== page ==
The law refers to a French resident regardless of nationality. I've been a French resident for 12 years & as such any car I import must be put in to the French system, otherwise the address in the logbook would be false as it would not refer to my residence. (I'm sure there are grey areas but that would be splitting hairs).

This is what the French law says:-

Article L317-2 En savoir plus sur cet article...
Modifié par Loi n°2003-495 du 12 juin 2003 - art. 11 (V) JORF 13 juin 2003

I. - Le fait de faire usage d'une plaque ou d'une inscription, exigée par les règlements en vigueur et apposée sur un véhicule à moteur ou une remorque, portant un numéro, un nom ou un domicile faux ou supposé est puni de cinq ans d'emprisonnement et de 3 750 euros d'amende.

II. - Toute personne coupable de cette infraction encourt également les peines complémentaires suivantes :

1° La suspension, pour une durée de trois ans au plus, du permis de conduire, cette suspension pouvant être limitée à la conduite en dehors de l'activité professionnelle ;

2° La confiscation du véhicule.

III. - Ce délit donne lieu de plein droit à la réduction de la moitié du nombre maximal de points du permis de conduire.

Article L317-3 En savoir plus sur cet article...
Modifié par Loi n°2003-495 du 12 juin 2003 - art. 11 (V) JORF 13 juin 2003

I. - Le fait de faire circuler, sur les voies ouvertes à la circulation publique un véhicule à moteur ou une remorque sans que ce véhicule soit muni des plaques ou inscriptions exigées par les règlements et, en outre, de déclarer un numéro, un nom ou un domicile autre que le sien ou que celui du propriétaire est puni de cinq ans d'emprisonnement et de 3 750 euros d'amende.

II. - Toute personne coupable de cette infraction encourt également les peines complémentaires suivantes :

1° La suspension, pour une durée de trois ans au plus, du permis de conduire, cette suspension pouvant être limitée à la conduite en dehors de l'activité professionnelle ;

2° La confiscation du véhicule.

III. - Ce délit donne lieu de plein droit à la réduction de la moitié du nombre maximal de points du permis de conduire.

The DVLA also add, in answer to the question,

I am abroad with my vehicle and the tax disc has expired. Can I declare SORN?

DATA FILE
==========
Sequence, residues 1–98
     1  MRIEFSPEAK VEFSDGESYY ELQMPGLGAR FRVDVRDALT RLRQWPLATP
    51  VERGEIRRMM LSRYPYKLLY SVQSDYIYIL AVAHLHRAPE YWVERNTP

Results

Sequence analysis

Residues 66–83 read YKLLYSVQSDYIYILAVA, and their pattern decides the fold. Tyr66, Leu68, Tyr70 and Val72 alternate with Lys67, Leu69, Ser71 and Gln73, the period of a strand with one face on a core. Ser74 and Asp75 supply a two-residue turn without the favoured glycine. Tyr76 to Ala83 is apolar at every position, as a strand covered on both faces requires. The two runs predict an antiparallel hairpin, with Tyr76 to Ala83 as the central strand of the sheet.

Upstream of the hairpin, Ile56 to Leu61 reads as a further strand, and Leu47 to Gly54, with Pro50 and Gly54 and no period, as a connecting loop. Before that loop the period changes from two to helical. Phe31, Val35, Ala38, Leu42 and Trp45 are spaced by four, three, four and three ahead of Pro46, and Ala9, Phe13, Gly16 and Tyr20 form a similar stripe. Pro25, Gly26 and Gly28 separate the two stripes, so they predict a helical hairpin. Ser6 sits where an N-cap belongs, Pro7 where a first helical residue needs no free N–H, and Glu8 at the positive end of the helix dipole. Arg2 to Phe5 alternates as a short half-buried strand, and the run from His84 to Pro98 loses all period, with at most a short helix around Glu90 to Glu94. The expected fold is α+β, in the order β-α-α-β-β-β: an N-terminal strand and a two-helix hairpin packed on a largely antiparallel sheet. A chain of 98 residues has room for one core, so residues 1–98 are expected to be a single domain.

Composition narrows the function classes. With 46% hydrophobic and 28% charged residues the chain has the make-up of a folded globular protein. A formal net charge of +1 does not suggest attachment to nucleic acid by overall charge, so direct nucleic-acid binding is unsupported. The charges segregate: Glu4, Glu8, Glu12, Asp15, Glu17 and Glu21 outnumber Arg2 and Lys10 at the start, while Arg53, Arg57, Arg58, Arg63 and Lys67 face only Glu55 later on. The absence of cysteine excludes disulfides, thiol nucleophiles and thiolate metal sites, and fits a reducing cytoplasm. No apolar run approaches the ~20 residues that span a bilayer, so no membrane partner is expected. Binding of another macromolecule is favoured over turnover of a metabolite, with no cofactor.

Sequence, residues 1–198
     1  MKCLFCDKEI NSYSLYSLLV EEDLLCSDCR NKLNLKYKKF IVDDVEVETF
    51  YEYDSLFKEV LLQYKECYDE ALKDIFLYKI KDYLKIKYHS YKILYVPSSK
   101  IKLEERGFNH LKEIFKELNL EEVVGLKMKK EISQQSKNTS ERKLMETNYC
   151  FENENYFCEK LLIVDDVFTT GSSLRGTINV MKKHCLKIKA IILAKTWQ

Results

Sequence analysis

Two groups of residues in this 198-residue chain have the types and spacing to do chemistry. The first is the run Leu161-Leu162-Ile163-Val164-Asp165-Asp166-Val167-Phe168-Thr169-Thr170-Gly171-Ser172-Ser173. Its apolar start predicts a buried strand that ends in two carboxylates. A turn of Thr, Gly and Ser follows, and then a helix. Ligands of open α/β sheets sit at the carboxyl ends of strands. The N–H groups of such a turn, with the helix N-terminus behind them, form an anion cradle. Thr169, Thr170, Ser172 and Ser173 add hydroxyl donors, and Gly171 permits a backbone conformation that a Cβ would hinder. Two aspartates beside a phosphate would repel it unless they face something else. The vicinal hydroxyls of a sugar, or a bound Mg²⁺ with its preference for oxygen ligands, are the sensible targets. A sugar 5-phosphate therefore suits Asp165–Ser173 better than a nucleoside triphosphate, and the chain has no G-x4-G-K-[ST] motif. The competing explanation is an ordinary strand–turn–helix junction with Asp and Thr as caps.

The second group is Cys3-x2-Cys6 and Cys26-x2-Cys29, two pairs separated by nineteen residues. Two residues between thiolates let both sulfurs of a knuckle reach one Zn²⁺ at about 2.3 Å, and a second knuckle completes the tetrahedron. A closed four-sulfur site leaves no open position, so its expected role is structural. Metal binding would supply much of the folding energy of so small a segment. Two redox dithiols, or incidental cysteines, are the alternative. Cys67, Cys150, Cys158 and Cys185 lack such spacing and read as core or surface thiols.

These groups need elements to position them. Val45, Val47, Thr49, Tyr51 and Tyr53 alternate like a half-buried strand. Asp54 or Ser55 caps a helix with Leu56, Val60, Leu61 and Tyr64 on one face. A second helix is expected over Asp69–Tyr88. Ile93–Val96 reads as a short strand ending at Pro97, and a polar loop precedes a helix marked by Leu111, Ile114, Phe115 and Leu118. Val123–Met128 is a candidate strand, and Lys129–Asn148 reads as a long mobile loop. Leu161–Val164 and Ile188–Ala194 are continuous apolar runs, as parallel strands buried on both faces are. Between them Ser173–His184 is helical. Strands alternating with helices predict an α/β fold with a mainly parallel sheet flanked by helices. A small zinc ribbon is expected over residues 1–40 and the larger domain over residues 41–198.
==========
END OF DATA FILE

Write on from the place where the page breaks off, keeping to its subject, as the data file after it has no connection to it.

If you are using the vehicle abroad, but it is still registered in the UK, the vehicle must be taxed.
Many here are either permanently exported or on a SORN.
The law on SORN is this,Your vehicle must be in and remain in Great Britain to make a SORN.
I cannot understand why people don't just do what they are meant to do rather than nit pick about what may or may not be legal or wait to be involved in a serious incident before finding out that their actions can cause misery to possibly innocent people!

It depends where your main residence is. If your house here is your maison secondaire then you are a visitor.


Well considering this thread was started by me in 2010 it has certainly taken its time to make progress. Going back to the original thread one sentence sums it all up - if they have an accident and cannot prove they have a UK address or otherwise they will not be payed out. - which also means they have lied by giving a false address to their insurers - which means it is a fraud as well as the motoring offence.

An AXA rep some years ago stated that they do not exercise "due diligence" and check if the address is genuine - they simply will not pay out. And if you ares stopped in a UK plated car in the UK with French Insurance a simple police check reveals where the vehicle is registered and you have not done a certificate of export then you are done - c'est la vie !!!!

As far as I am aware, the law refers to a Frenchman driving a foreign registered car in France. In your case, again as far as I know, provided the car you keep in France is French registered, has a Controle Tecnique and a Carte Grise, you are legally allowed to drive it.

Firstly in France they are not "brokers". They are an agent for the company they advertise. Therefore you will only get quotes from Axa (or whomsoever). If you seek an insurance that they do not do (for example Allianz do not do pet insurance so we were put onto April and we deal with them on a direct basis) they will not be able to offer terms.

As such the Axa manager will have a certain amount of Underwriting authority to make his own decisions. In the event of an accident with your vehicle, Axa (or their local agent) will be deemed to have accepted that your vehicle is on UK plates and, as a result, will have to meet any claim. However, if I were in your shoes, I would ask the question of your Axa agent and ask that you be given a positive response in writing that your insurance is fully valid despite the UK plates.

As with any insurance, better safe than sorry.

"Add to that the law which states that a resident of one country cannot own a car registered in another country"

A possibly dumb question. Does this mean that as an Australian resident, if I owned a house in France where I spent 6 months per year, I cant own a car to use while there

Steve

Chris, my reference to "money grabbing insurance broker"comes from my cynical view! I cannot understand how an insurance broker can agree to insure a car which by law and the head office's definition cannot be legally on the road.

My Axa broker was able to insure my Transit tipper for 6 months as per the law, after which they were not allowed to continue as it was still on UK plates - an Axa & industry wide policy according to my broker & confirmed by a letter from Axa themselves, but if I visit another Axa broker in the Charente Maritime, they WILL insure it for a year at a time! Perhaps there are 2 Axa insurance companies operating in France?

I'm even more suspicious as the broker can just print off the vignette on his computer so easily!